Convert Vinyl To Mp3 Without USB Turntables

How to record vinyl to your computer without resorting to inferior quality USB turntables. Use your current turntable to turn your LPs in to mp3s.

USB turntables are more expensive than higher end CD players, and create worse sound. At around the $150 mark, by buying a USB turntable you are getting a record player that solely functions as a vinyl recorder, since the quality of its record playing is substandard. Many people will be attracted to the ease of use of USB turntables, but there are ways of digitising vinyl that avoid having to buy turntables with USB ports.

This is especially useful for people who already own a good quality turntable. DJ turntables, vintage turntables or high end audiophile turntables will all do the trick. Extra equipment will need to be purchased to do this, but the quality of the converted music will be much better. As an added bonus, if you have any tapes lying around that need to be digitised, the techniques in this article will work for them as well!

1. Using a phono to USB converter

The output format that is common to turntables of all eras is phono. Computers do not support phono input, so an external device must be used to convert the phono signal to USB. There is one product that stands above the rest as the king of this unique task. With almost universal rave reviews, check out the ART V2 USB Phono Plus DJ Preamp.

If your only computer is a laptop, then this is the best way of recording good quality sound to it without having to use USB turntables. PCs have sound cards that allow other methods, but since this wonderful device outputs to USB, you can plug it in to one of the USB ports on your laptop. Many people assume that the microphone port is the equivalent of a line in, however the microphone port is specifically designed for computer microphones so the quality of the recording will be poorer.

Another wonderful thing about this product is that it can function purely as a preamp, a device that increases the volume of the turntables output without increasing the ‘noise’ (that background sound you hear when you can hear when you turn a sound system up really loud even when it’s not playing). So if you have a system that doesn’t have a built in phono preamp, this will do the job for you. It also lets you monitor the sound coming from the preamp, a great feature that allows you to listen to the output using headphones so that you can monitor the quality whilst recording to your computer. For some strange reason, this unit does not ship with a USB cable, but one can be bought from your local electronics store for $10. In terms of ease of use, this product is second to none, and some complications associated with other methods, such as hum, are non-existent.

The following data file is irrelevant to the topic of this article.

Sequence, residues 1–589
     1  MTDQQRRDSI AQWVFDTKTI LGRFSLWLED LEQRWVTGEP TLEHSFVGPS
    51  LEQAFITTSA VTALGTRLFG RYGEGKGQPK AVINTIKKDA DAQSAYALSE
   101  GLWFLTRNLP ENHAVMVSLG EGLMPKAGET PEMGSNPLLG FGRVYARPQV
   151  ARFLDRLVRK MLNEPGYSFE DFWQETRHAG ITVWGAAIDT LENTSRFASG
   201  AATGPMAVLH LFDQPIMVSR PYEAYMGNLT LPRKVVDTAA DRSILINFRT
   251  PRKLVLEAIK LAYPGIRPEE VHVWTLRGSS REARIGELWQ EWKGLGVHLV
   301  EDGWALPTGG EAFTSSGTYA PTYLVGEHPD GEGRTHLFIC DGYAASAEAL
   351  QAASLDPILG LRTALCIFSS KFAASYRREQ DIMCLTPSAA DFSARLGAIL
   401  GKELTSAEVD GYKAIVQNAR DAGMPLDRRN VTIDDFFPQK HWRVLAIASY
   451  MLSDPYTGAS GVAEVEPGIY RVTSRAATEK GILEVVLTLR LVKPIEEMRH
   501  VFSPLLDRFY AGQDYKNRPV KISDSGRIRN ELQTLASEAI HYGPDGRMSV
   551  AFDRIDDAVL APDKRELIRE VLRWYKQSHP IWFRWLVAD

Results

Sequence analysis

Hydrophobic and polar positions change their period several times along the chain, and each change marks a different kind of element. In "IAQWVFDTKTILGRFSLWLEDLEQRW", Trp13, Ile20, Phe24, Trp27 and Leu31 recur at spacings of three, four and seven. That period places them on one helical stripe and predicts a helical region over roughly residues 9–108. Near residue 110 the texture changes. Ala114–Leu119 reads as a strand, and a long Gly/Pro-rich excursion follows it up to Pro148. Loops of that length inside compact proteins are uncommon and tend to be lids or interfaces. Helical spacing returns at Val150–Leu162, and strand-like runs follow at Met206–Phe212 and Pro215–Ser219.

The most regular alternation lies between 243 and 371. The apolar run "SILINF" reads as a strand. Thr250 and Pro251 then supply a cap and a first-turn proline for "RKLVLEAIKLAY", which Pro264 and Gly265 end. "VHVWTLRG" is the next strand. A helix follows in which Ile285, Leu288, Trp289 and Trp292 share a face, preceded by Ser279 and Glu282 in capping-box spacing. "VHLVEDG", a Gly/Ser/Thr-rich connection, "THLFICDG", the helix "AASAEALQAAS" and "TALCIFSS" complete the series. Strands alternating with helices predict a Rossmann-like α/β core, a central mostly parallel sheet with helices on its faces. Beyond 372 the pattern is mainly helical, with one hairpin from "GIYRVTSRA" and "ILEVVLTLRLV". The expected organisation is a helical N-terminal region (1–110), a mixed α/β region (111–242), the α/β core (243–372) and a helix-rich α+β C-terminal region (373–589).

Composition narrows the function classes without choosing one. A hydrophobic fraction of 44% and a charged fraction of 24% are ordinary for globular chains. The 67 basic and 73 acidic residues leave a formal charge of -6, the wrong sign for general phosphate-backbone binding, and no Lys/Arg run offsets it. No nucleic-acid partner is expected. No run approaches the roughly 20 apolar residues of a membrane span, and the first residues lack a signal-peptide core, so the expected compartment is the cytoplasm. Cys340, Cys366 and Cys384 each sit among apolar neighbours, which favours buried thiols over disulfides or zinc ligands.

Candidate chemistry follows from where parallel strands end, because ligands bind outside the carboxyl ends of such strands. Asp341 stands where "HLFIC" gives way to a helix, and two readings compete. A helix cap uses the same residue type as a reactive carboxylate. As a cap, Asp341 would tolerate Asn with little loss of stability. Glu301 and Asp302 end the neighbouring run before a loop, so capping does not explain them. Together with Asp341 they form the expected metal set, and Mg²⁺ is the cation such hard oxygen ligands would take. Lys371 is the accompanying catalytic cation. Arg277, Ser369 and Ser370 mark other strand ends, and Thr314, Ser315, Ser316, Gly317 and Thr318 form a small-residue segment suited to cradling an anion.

• Tip: Make sure stereo recording is enabled in Windows. Click Start > Control Panel > Hardware and Sound > Sound, then click the Recording tab at the top. Right click on the device and click properties. In the drop down menu, select¬†2 channel 16 bit 44100 Hz.
Your other option in this category is the Ion Audio Urecord. This unit ships with a USB cable and audio recording software. The software is easy to use, but requires constant monitoring in order to split the tracks. The U Record doesn’t function as a preamp, and doesn’t allow your computer to connect to your home entertainment system via S/PDIF like the USBPhonoPlus does. It is a little cheaper, though.

2. Using your computer’s sound card

This method is a little more involved than the first, which will alienate most people attracted to USB turntables, and it also requires your computer to have a decent sound card. If you don’t know whether you have a good sound card or not, then you probably don’t. Most computers have sound cards built in to the motherboard (“integrated”) which are bad for recording because the motherboard does a fair bit of whirring and buzzing that isn’t conducive to a good quality recording. If you already have a good soundcard, this might be the technique for you. If you have a mid to high end computer with a good quality motherboard, you may be okay. You must have a line in or aux in port on the back of your computer.

You will also need a preamp. Your options include buying a separate preamp, which will set you back $20 – $40, or using your current home entertainment system. Your system must have a phono in and tape out jack; the turntable is plugged in to the phono in and your sound card is plugged in to the tape out. There are a few sound cards on the market, such as the Creative Labs Sound Blaster X-Fi Elite Pro, that have a phono preamp built in so that you can combine the two. For laptop users, there are portable sound cards that plug in to the computer via the USB slot, such as the Native Instruments Audio 2 DJ Interface and the Ikey Audio iConnex Portable USB sound card. Given their price though, unless you are a digital DJ or record your own music, it makes more sense to grab a phono to USB audio converter.


USB Turntables Sound Card

Avoiding USB Turntables Is Worth The Money

USB turntables do not live up to the hype, unfortunately. They are always an attractive option to people wanting to digitise their LPs cheaply, but the product they are buying is really a bad turntable that records bad quality music. Finding a vintage turntable for cheap, ¬†then using one of the options listed in this article will end up being a little more expensive and time consuming, but worthwhile once you hear the finished product in mp3 format on your ipod. We won’t hold it against you though if you decide USB turntables better fit your needs of quick and easy transfer.

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